What Are the Best Tips for Testing New Products?

Esther Ejim

The process of testing new products is part of the activities aimed at market research to test the reaction of consumers before the introduction of new products into the market. Testing new products is something a company must do first if it wants to avert any potential market failure whereby a new product fails to perform as expected after introduction into the market. In other words, testing new products is part of market strategy for manufacturers and other businesses that have a new product to introduce to the market. The exact methods for testing new products is determined by the type of product in question since different products require different approaches. Some of the tips for product testing include determining the target demographic, establishing geographic boundaries, determining the scope of the budget for the testing campaign, and offering a next-best alternative to give consumers other choices.

Woman with hand on her hip
Woman with hand on her hip

An example of the application of the process for testing new products can be seen in the case of a company that manufactures orange juice and is trying to introduce a new flavor of orange juice into the market. The best business practice would be to test the new flavor on consumers first before going into full production, as a means of assessing the reaction of consumers to the new product. As such, the orange juice company will have to determine the target demographic in terms of the main consumer group at which the product is aimed. If the product is meant for general use, then the orange juice company can make samples of the product and conduct taste tests where random consumers will be given samples of the product to taste and give constructive feedback to the company. Usually, companies give consumers some sort of incentive to make them agree to participate in such product tests, which may be in the form of financial or other material compensation.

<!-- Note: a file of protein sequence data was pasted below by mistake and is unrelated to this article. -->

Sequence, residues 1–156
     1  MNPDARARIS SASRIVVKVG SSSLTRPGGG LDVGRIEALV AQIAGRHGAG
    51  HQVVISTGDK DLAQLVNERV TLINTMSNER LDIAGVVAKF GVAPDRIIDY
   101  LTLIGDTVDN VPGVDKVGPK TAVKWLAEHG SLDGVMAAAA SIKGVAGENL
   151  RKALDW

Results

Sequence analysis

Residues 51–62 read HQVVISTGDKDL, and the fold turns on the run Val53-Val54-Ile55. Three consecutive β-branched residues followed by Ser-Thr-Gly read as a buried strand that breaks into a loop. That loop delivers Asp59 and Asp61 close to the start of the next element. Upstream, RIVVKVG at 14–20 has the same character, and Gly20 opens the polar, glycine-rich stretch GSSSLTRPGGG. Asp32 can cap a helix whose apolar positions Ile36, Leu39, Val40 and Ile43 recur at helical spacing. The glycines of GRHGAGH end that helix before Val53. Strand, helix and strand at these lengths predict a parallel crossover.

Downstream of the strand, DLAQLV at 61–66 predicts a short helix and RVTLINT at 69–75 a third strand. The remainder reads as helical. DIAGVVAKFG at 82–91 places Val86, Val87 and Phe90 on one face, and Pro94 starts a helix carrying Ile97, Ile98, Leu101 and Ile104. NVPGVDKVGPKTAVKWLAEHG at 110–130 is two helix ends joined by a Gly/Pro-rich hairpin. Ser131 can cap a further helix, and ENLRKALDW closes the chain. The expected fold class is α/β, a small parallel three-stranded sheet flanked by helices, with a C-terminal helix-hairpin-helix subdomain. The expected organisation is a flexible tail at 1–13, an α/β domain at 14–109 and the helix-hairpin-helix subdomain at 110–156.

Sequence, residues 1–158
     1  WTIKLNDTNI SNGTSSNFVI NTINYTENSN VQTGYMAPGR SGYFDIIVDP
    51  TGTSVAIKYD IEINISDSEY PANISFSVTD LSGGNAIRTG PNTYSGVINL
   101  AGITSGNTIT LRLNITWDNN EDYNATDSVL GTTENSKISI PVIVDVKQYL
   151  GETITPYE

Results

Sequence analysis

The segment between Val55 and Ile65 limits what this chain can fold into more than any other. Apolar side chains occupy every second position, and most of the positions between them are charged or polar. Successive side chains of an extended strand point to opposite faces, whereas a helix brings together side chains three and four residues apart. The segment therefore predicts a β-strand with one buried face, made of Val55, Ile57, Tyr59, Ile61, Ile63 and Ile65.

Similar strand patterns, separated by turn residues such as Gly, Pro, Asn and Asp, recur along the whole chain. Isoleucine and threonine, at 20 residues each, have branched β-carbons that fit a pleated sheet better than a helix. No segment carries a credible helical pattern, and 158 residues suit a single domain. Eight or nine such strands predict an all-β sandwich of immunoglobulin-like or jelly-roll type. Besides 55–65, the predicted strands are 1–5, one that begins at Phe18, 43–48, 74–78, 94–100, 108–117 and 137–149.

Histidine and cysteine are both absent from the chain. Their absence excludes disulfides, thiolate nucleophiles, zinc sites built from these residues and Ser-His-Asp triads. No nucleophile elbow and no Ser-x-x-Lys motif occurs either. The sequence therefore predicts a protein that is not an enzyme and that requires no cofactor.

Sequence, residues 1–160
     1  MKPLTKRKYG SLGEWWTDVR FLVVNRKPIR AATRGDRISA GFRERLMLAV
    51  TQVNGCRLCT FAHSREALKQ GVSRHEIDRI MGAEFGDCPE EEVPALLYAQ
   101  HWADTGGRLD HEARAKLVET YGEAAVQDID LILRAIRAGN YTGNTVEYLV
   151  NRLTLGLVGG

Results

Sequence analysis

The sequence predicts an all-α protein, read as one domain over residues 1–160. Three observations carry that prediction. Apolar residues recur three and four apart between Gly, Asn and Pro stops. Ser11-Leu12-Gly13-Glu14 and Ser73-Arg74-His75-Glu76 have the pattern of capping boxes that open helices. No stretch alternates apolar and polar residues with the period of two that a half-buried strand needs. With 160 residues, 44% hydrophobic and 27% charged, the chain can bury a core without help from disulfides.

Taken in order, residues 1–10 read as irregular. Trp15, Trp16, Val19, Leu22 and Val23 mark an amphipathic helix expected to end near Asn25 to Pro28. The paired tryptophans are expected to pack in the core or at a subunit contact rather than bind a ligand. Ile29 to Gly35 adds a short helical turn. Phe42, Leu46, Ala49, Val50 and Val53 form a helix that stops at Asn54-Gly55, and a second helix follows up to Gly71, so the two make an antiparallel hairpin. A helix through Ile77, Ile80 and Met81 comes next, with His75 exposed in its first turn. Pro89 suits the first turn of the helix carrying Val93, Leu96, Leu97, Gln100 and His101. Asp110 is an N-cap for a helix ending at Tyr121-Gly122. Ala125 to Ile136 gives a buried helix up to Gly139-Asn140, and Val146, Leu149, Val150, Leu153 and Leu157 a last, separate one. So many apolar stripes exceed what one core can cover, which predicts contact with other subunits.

As mentioned, the company must have a next-best alternative in case one particular product does not elicit the reaction the company had hoped. For instance, in the case of the orange juice company, the main proposed product will be given to consumers to taste and give their candid opinion, while other options will also be included to give them choices. As such, the orange juice company will have three to four different samples of variations of the new flavor, allowing the consumers to decide which one they prefer the most.

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